Though not technically a found-footage film, Chernobyl Diaries employs much of the same style used in the popular subgenre, which both makes it immediate and effective while also bordering on nauseating. On the whole, the movie is not a bad little spook-house chiller, as it offers up a few decent shocks and mystery surrounding what is stalking this group of young tourists within the outskirts of the highly radiated Chernobyl disaster. To its credit, the film isn't stocked with drop-dead dumbos -- that is, one doesn't feel the need to bonk them over the head the entire time due to a lack of acting skills or lazy character motivations. What repeatedly drags the movie down are the aesthetic choices made by director Brad Park and producer/co-screenwriter Oren Peli (Paranormal Activity), who duplicate the same style as a first-person film without giving any reason as to why. While this aides the proceedings when in claustrophobic settings, there are moments when you wish the crew would have laid down a dolly track and chilled things out a bit.
What's funny is that the filmmakers fake the audience out into thinking they're going to watch a found-footage movie by opening up the picture with bad camcorder shots that introduce the young American cast vacationing in Russia. Soon, the camera pulls out revealing that the footage was on an iPad, but the shaky technique persists, thus making the fake-out a bit confusing. By the time the kids actually venture to the city adjacent to Chernobyl while on a bootleg guided tour, it's not hard to get used to the faux reality thanks to some sufficient location work in Eastern Europe. Though a few shocks might resonate with the audience, there is a definite lack of payoff when it's all said and done. Still, Diaries could be a whole lot worse -- in fact, co-writer Shane Van Dyke has his name all over such esteemed Asylum rip-offs as Titanic II, Transmorphers: Fall of Man, Street Racer, The Day the Earth Stopped, and yes, even Paranormal Entity. So Oren Peli, the man behind Paranormal Activity, has stooped to collaborate with the guy behind the film that blatantly ripped him off. Given that, it's amazing Chernobyl Diaries isn't a total disaster. Sure, it might dizzy the brain to look at sometimes -- and confuse it with a cop-out ending -- but no doubt people will remember that weird thing that crawled out of that tent. Just try to not forget that.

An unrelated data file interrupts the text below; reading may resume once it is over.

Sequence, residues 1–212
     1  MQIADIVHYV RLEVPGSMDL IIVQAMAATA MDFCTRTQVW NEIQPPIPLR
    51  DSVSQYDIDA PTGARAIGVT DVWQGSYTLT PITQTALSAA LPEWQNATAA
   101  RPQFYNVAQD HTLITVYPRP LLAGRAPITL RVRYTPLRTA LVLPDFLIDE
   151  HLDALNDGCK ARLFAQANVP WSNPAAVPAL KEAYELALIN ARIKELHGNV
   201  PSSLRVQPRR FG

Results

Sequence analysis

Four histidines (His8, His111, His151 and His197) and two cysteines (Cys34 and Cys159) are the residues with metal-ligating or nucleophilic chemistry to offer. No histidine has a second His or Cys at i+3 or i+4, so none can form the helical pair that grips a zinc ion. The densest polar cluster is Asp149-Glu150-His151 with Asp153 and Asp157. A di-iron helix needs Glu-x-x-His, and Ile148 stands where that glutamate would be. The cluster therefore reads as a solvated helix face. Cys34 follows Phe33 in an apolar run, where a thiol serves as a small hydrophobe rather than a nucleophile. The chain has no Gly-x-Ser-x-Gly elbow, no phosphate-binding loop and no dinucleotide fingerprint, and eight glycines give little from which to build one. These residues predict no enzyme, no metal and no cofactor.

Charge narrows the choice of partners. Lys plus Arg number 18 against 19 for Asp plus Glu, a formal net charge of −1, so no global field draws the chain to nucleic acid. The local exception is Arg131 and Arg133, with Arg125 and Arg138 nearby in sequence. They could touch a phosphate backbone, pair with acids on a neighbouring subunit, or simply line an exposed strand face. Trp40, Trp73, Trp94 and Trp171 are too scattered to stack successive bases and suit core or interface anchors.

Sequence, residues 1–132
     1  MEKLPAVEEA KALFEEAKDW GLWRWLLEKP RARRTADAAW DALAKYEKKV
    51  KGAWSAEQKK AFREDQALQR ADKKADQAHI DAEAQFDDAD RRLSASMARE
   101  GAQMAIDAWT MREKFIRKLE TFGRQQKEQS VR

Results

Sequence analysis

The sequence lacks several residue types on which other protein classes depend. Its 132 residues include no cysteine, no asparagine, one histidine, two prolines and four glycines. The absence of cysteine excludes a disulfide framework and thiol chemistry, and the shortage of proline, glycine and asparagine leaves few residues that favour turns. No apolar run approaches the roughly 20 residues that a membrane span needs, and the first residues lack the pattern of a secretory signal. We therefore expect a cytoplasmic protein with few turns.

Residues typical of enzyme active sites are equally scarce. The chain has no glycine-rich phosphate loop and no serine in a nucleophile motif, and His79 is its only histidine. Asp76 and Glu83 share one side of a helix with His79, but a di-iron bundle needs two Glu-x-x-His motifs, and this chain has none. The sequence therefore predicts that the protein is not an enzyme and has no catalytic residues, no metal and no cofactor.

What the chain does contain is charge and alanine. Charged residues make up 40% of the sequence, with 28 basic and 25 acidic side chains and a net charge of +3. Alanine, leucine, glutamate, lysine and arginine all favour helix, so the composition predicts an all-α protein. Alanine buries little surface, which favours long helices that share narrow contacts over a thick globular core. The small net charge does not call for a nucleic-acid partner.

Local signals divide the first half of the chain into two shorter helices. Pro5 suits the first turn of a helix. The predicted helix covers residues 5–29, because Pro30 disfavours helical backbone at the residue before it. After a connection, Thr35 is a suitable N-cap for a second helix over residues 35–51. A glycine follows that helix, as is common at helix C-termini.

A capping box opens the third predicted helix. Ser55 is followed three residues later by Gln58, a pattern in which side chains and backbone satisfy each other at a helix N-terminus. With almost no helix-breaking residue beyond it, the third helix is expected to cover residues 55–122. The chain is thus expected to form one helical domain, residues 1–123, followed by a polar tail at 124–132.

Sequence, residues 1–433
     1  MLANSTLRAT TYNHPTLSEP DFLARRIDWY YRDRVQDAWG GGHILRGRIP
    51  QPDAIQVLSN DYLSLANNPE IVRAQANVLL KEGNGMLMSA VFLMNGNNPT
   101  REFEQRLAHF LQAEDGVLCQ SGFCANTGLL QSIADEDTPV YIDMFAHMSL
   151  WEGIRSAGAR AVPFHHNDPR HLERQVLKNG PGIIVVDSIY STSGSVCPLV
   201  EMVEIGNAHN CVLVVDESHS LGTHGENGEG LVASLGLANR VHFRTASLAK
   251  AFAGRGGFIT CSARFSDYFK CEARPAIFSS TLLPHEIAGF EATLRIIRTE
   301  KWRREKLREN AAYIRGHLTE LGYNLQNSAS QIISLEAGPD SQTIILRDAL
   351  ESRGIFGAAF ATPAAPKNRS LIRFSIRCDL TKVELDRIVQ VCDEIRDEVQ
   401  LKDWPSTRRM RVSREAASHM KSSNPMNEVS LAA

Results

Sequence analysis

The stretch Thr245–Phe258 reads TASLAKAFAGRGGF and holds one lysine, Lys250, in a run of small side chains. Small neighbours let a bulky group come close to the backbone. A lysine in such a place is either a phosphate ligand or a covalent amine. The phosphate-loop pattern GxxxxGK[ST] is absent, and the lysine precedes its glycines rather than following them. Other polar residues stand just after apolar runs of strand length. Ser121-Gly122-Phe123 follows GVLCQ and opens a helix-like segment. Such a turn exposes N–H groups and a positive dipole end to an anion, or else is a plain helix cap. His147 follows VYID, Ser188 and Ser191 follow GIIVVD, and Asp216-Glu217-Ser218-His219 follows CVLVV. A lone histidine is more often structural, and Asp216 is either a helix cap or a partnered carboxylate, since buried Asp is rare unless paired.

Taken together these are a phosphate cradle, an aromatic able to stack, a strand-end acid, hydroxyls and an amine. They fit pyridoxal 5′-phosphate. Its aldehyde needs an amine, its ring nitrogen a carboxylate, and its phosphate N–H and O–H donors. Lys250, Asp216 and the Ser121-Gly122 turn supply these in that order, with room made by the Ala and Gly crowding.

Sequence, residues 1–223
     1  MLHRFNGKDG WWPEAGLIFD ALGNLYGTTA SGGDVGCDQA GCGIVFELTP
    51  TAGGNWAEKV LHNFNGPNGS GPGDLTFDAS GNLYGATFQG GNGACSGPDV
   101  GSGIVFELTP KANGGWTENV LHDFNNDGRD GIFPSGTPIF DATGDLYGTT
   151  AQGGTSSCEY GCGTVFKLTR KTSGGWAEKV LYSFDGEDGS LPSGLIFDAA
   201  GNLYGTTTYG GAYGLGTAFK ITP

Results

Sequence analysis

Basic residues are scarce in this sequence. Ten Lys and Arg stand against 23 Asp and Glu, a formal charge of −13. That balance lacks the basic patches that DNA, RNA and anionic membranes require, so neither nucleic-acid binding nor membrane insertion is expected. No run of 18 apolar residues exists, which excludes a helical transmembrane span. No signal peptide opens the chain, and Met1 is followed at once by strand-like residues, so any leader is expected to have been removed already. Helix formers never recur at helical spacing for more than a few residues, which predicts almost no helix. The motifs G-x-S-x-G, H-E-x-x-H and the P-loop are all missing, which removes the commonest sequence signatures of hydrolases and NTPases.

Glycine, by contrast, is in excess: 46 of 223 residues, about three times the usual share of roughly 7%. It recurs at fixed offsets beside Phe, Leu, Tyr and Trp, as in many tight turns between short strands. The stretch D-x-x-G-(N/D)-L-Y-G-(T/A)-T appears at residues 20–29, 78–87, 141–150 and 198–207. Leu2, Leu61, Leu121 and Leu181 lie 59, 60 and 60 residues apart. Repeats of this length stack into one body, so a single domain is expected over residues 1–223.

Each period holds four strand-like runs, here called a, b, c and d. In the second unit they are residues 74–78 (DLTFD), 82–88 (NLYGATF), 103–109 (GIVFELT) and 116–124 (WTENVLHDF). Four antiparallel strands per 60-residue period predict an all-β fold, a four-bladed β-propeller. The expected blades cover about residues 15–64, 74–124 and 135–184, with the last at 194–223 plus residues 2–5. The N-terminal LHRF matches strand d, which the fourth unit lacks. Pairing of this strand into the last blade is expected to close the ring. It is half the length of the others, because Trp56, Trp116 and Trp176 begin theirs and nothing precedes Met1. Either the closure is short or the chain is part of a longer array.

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- Released: 2012
- Review: Though not technically a found-footage film, Chernobyl Diaries employs much of the same style used in the popular subgenre, which both makes it immediate and effective while also bordering on nauseating. On the whole, the movie is not a bad little spook-ho… (more)
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